Introducing Vizavi, the solar-powered food cart
BENNINGTON — Sustainably sourced food, made with sustainably produced power, has arrived in Bennington.
Vizavi Solar Food Cart, operated by Julia Rhode of Shaftsbury, made its debut last weekend, serving crepes, Popsicles, veggie burgers, and salads at the Bennington Farmer's Market on Saturday and at the celebration of the completion of the Bennington Mural Project's first mural on Sunday.
All of the food served from the cart is fresh and locally sourced, and is prepared using energy generated by the solar panels on the cart's roof.
Vizavi, which is a play on the French phrase vis-a-vis, meaning in relation to or with regard to, will have a constantly shifting and evolving menu based on what fresh ingredients she is able to procure.
"It's tricky to find good, fresh things and also keep the prices low for the consumer," said Rhode. Many of her ingredients she grows herself or acquires from local farmers at the Farmer's Market. For some she goes farther afield, but still tries to source through Vermont companies, such as Cabot or King Arthur Flour.
As far as Rhode can tell, she operates the only solar-powered food cart in the state.
"One of the things that appeals to me most about a food cart is that its on wheels, I can go anywhere," she said.
Rhode said she was inspired by a solar food cart she saw on display at SolarFest in Manchester in 2016. Two students from the University of Rhode Island, Justin Bristol and Matthew Fuller, were showing off their Solar Cart Cafe.
"I wanted to increase awareness about local and sustainable food and give people a place to hang out," said Bristol, an environmental and natural resource economics major, in a 2016 interview with his university's College of the Environment and Life Sciences.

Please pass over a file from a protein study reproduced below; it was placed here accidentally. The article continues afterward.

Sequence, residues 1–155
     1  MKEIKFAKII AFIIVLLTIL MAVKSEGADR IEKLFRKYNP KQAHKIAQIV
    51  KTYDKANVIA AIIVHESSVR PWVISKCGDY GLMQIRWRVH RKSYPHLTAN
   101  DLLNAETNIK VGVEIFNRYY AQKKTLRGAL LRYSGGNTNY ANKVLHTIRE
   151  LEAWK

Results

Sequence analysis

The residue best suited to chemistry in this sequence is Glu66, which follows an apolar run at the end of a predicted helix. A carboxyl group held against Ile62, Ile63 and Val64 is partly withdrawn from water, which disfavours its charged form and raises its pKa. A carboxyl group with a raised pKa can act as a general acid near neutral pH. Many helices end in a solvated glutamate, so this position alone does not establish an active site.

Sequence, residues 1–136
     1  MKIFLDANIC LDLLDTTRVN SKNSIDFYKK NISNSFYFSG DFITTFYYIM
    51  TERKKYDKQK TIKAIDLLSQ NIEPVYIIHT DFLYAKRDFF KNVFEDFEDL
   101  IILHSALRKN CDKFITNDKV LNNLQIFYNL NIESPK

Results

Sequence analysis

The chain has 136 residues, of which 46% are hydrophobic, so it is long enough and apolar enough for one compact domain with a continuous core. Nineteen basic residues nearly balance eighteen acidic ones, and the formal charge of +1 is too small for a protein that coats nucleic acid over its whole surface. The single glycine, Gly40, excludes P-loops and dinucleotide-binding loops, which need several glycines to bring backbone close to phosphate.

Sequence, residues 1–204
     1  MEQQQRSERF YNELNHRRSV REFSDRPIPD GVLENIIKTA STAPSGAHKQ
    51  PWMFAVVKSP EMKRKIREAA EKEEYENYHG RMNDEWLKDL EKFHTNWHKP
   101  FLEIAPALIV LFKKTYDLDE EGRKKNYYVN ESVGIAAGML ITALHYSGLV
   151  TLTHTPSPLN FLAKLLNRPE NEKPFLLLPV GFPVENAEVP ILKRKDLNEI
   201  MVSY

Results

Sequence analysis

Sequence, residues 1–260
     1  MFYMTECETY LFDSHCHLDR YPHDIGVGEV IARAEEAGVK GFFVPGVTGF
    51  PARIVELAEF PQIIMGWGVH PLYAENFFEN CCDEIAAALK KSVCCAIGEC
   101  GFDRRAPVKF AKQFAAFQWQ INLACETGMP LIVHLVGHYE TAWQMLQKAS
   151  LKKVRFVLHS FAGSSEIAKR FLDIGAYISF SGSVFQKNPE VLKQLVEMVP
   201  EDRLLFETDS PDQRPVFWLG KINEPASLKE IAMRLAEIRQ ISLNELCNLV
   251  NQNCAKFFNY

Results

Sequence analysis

Rhode was no stranger to solar power, as she worked for the North Bennington based PowerGuru at the time as a manager and panel installer, and the idea that she, too, could operate a solar-powered food cart began bouncing around her head. Last summer, she reached out to Bristol and Fuller to design her a cart. In preparation, Rhode, who has experience running a bed and breakfast in New York State, began taking courses in Quickbooks and getting all the permitting and inspections necessary to begin operating.
Finally, this May, PowerGuru installed the solar panels on the roof of the cart. After a few tweaks by Bristol and Fuller in June to make sure the cart complied fully with Vermont health standards, and Rhode was ready to begin.
Eventually, Rhode hopes to start Facebook and Instragram accounts that will allow people to follow where the cart will be next, but for now, look for her most weekends at the Bennington Farmers Market from 10 a.m. to 1 p.m. on Saturdays at 150 Depot St. in Bennington. She will also be set up at Bennington Potters on County Street during this year's Midnight Madness, on July 19, starting at 7 p.m.
Derek Carson can be reached at firstname.lastname@example.org, at @DerekCarsonBB on Twitter and 802-447-7567, ext. 122.
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